Asian and African off-grid utility company Husk Power Systems has announced a US$20 million equity investment that includes Shell Technology Ventures to accelerate its growth in Tanzania and India.
The round also features Swedish development finance institution Swedfund International and ENGIE Rassembleurs d'Energies, ENGIE group's impact investment fund.
Husk designs, builds, owns and operates one of the world's lowest-cost hybrid power plant and distribution networks in India and Tanzania, and has developed a proprietary system by combining and synchronising solar PV, biomass gasification system and batteries to deliver highly reliable, 24x7 power.
The US$20 million investment will be used to help the company grow rapidly over the next four years, with Husk envisioning adding over 300 mini-grids in India and Tanzania, deploying 15 MW of 100% renewable power plant assets that would eliminate 150,000 tons of carbon dioxide per year. These mini-grids will serve over 100,000 customers.
"Together with our strategic partners, we are now confident of achieving our vision of becoming the world's largest rural utility company providing 24/7, 100 percent renewable and affordable power to drive inclusive and sustainable development in growth markets," said Manoj Sinha, CEO and co-founder of Husk Power Systems. "We believe that mini-grids are the most capital efficient way to help reach 100 percent national electrification goals".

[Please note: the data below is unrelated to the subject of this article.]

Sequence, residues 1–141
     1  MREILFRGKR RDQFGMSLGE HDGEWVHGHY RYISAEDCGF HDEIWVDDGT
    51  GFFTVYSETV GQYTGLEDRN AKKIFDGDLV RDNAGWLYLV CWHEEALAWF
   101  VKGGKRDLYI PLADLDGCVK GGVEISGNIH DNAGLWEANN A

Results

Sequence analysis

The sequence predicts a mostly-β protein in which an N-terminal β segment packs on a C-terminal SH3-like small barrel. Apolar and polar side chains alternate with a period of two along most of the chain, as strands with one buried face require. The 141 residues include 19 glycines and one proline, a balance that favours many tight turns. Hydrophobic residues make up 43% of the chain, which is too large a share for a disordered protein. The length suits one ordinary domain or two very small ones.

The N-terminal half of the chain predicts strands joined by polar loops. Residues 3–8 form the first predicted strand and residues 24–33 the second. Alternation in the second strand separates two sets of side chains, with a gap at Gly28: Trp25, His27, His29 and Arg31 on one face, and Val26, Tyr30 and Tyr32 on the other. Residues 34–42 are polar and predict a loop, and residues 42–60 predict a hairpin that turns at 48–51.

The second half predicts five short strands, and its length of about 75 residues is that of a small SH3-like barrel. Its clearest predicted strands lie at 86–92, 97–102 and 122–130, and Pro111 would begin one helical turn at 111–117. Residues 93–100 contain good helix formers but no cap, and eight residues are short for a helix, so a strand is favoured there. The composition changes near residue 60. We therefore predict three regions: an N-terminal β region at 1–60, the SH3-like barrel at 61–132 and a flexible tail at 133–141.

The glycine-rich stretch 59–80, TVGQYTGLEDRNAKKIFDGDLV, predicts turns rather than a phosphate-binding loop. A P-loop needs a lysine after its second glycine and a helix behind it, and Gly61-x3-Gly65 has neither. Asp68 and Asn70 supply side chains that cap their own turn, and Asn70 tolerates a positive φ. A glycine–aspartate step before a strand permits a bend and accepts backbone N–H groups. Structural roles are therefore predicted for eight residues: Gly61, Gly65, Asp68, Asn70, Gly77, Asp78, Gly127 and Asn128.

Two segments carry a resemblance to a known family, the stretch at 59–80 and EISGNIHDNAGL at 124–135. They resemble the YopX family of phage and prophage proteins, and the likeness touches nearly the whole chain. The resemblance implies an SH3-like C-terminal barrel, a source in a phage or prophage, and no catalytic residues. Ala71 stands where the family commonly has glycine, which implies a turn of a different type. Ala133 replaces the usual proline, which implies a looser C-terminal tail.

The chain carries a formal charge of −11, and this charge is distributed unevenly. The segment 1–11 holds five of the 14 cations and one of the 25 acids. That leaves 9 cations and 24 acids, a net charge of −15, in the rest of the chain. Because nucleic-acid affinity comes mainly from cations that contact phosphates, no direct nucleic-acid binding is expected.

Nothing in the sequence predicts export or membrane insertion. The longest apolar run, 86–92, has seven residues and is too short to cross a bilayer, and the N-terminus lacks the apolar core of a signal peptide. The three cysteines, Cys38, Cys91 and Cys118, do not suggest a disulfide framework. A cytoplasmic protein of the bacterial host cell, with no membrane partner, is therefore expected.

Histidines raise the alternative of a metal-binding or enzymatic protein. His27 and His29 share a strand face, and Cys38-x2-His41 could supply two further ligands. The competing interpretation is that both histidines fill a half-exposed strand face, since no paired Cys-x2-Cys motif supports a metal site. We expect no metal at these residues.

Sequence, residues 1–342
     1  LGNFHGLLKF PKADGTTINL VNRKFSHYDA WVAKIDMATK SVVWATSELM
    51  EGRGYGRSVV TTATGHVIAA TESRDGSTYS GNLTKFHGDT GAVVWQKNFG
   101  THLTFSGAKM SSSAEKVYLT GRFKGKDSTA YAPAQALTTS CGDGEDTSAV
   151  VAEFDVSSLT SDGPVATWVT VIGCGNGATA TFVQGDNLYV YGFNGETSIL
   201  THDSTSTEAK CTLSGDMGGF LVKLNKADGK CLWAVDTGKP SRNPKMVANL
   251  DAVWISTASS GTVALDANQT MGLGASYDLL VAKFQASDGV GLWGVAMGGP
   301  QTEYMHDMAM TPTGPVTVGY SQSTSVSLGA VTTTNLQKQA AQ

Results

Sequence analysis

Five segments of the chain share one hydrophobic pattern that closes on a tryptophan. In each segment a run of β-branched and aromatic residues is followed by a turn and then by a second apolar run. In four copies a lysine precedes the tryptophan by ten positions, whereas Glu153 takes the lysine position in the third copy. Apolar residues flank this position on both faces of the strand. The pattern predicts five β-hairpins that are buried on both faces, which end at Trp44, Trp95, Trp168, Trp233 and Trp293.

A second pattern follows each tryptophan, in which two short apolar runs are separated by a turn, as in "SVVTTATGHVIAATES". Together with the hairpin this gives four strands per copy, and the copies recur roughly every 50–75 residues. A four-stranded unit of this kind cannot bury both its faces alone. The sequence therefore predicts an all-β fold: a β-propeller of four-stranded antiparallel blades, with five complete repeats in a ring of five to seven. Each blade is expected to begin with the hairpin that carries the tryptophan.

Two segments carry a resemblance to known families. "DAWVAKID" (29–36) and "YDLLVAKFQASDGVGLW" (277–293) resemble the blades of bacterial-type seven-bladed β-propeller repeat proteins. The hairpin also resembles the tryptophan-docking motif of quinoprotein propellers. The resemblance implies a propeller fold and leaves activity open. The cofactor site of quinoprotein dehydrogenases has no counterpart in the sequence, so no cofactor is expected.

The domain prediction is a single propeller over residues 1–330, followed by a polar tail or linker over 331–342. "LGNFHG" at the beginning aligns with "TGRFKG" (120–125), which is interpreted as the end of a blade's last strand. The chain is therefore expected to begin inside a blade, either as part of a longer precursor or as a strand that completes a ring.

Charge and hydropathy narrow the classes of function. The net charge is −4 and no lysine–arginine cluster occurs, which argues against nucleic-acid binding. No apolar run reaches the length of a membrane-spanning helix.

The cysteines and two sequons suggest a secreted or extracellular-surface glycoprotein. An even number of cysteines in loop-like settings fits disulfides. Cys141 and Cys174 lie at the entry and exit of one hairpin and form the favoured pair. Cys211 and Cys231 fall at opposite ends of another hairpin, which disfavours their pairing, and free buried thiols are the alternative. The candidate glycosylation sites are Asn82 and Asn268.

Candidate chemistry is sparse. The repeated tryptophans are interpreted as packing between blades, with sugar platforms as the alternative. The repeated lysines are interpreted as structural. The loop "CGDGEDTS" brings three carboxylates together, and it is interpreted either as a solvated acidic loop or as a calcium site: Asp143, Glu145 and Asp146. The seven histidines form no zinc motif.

Brian Davis, vice president for integrated energy solutions for new energies at Shell, said the company saw Husk as a leading player providing reliable and affordable energy to off-grid and weak-grid communities in India and Africa.
"We believe they have a very credible business model. We believe that decentralised solutions will play an important role in providing productive energy to customers who currently lack reliable power. This investment is an important step for our energy access portfolio and we look forward to helping the business to scale and reach its growth aspirations," he said.
Gerth Svensson, CEO of Swedfund, said access to reliable electricity drives development and is essential for job creation, women empowerment and combating poverty.
"The private sector plays a central role when electrifying the rural areas of developing countries. We are very pleased to be part of Husk's expansion, where our long-term capital and extensive experience of evolving sustainable businesses will give multiple effects for the whole society," he said.